I was at the World War II Memorial on Saturday. There were a lot of volunteers there, but most were hanging out in the contact station, so I spent a lot of time in the memorial. It was a little chilly and windy, but in the sun it actually got warm enough for me to take my earmuffs and gloves off. Visitors came in groups–sometimes the memorial was very crowded and sometimes it was nearly empty.
And it was the first day in a long time I interacted with some of our more memorable visitors.
I watched two visitors ride Capital Bikeshare bikes down the ramp into the memorial. One skidded to a stop just at the edge of the step near the fountain. He nearly ended up in the fountain. Then he started to walk away from his bike.
Me: You can’t leave that bike sitting there.
Visitor: I can’t take a picture?
Me: You can take a picture, but you can’t leave the bike sitting at the edge of the fountain. And please walk the bike out of the memorial.
Visitor: So I can’t take a picture? I have to leave the memorial with my bike now?
Me: You can take a picture. Just make sure you walk the bike out of the memorial when you leave.
Visitor: How will I know when I’m out of the memorial?
Me: Count to 100 as you walk the bike out the way you just came in. When you get to 100, you can get back on and ride the bike.
Visitor: What do you mean?
I watched two other visitors riding their bikes near the Price of Freedom wall.
Me: Excuse me, guys, can you please walk the bikes inside the memorial?
Visitor: I am so sorry, I didn’t even think about that.
Me: It’s OK, just please walk them until you are out of the memorial.
I stopped to answer a question from another visitor, and then walked past the guys with the bikes again.
Visitor: I want to apologize again, I am sure you spend all day telling people to get off their bikes and I just feel horrible. I didn’t even think about getting off my bike.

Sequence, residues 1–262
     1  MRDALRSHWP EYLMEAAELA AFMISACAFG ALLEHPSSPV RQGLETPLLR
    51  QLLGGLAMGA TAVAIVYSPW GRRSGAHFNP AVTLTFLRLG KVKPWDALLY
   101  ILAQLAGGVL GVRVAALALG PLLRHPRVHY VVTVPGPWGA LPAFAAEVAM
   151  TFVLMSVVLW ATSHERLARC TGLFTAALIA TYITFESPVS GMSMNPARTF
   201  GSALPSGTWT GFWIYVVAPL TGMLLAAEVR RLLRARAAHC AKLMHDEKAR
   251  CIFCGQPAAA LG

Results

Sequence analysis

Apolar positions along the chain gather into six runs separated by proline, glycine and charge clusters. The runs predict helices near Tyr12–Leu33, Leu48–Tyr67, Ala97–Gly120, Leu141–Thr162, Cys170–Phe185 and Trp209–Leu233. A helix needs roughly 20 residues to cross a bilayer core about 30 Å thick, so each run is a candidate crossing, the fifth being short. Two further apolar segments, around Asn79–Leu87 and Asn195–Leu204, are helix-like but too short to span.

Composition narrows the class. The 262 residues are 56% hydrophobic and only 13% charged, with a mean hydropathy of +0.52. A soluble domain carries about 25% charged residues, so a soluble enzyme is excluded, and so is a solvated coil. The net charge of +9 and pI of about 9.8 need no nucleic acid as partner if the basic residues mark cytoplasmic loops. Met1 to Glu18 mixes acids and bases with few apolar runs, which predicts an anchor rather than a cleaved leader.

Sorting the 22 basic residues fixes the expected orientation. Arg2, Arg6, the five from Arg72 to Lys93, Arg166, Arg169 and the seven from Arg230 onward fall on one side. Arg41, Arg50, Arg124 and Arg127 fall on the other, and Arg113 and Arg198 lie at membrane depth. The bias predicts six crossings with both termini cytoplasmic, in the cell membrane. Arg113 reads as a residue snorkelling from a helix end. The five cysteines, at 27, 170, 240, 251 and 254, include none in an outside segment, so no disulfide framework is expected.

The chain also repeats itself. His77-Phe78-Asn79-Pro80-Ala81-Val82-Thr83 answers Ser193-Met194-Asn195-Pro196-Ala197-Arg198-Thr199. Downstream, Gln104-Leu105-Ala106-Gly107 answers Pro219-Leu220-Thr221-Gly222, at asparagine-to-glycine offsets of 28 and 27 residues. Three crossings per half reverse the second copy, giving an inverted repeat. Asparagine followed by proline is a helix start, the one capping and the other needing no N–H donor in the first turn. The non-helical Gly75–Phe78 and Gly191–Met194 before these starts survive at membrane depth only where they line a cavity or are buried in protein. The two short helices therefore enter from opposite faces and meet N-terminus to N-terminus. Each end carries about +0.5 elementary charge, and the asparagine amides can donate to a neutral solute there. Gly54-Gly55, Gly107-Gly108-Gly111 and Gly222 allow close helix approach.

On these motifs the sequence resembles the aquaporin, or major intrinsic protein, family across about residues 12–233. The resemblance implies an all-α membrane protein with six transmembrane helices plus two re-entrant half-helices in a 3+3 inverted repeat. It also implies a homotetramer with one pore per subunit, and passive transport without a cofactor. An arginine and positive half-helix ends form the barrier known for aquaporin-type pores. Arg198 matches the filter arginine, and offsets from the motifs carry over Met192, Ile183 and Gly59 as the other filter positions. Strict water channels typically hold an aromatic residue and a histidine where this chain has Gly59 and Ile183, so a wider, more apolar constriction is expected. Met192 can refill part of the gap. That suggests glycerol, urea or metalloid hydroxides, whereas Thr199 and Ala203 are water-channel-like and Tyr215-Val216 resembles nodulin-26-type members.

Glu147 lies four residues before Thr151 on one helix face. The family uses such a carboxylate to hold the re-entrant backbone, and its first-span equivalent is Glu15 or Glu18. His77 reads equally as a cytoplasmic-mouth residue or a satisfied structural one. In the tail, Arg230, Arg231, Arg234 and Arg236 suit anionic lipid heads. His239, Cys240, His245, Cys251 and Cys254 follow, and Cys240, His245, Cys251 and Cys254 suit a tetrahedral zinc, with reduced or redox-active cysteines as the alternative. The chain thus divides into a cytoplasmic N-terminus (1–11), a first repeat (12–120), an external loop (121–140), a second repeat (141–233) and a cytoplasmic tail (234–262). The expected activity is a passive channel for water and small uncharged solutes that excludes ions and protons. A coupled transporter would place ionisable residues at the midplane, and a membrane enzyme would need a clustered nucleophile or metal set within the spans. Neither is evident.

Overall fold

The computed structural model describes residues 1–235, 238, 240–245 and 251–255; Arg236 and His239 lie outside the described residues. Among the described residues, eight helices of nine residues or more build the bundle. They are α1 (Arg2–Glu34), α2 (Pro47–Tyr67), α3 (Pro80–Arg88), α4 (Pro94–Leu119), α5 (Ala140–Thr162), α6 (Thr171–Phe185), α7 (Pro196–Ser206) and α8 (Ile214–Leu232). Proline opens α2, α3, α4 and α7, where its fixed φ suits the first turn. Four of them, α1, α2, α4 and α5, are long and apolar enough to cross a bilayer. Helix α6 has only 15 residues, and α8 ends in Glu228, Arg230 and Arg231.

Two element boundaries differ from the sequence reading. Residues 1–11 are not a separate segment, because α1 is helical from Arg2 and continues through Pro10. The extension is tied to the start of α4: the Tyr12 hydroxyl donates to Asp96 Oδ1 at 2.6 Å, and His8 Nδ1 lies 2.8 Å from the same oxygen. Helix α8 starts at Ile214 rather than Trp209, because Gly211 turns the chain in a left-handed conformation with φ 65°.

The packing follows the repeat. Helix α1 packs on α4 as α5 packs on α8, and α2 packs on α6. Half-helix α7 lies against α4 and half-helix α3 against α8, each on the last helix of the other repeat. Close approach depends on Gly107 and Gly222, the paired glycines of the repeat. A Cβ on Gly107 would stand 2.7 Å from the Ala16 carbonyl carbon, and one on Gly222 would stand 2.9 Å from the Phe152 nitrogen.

Me: Well, I don’t spend all day doing that, but you are not the only person who has done it. Just please remember to walk out and you’re OK.
I saw a man with a very professional-looking camera on a very professional-looking tripod set up right in front of the Price of Freedom wall. This is a HUGE no-no, so I called for Ranger assistance. He moved to the fountain before the Rangers got there, and when they arrived he left the memorial. Another visitor asked me a question, and then I headed back towards the two Rangers.
Ranger 1: So, the visitor over there asked me if it was appropriate to tip volunteers.
Me: Which visitor?
Ranger 1: He’s not here anymore, but I told him you are considered a federal employee so tips would not be appropriate.
Me: How big a tip was he going to offer?
Ranger 1: I don’t know, I didn’t ask.
Me: Next time, send him to me and I will decide if it’s appropriate.
(Before anyone panics, I would not accept a tip from a visitor I didn’t know. I have accepted tips (and lunch) from friends for whom I’ve done tours. It’s not expected and I am happy to do a tour without a tip, and I always tell them it’s not at all necessary.)
I talked to the two Rangers for about 90 minutes. We talked a lot about 9/11/2001 and its various memorials. We also talked about our experiences that day and other things related to the day and its aftermath. They both served in the military. At one point, a visitor walked up to us.
Visitor: So, what are these states all about?
Ranger 2: What do you mean, sir?
Visitor: These things with the states on them. What are they all about?
Ranger 2: Well, they are the names of the states and the territories that came together in support of our efforts in World War II.
Visitor: But what do the state names symbolize?
Ranger 2: The states.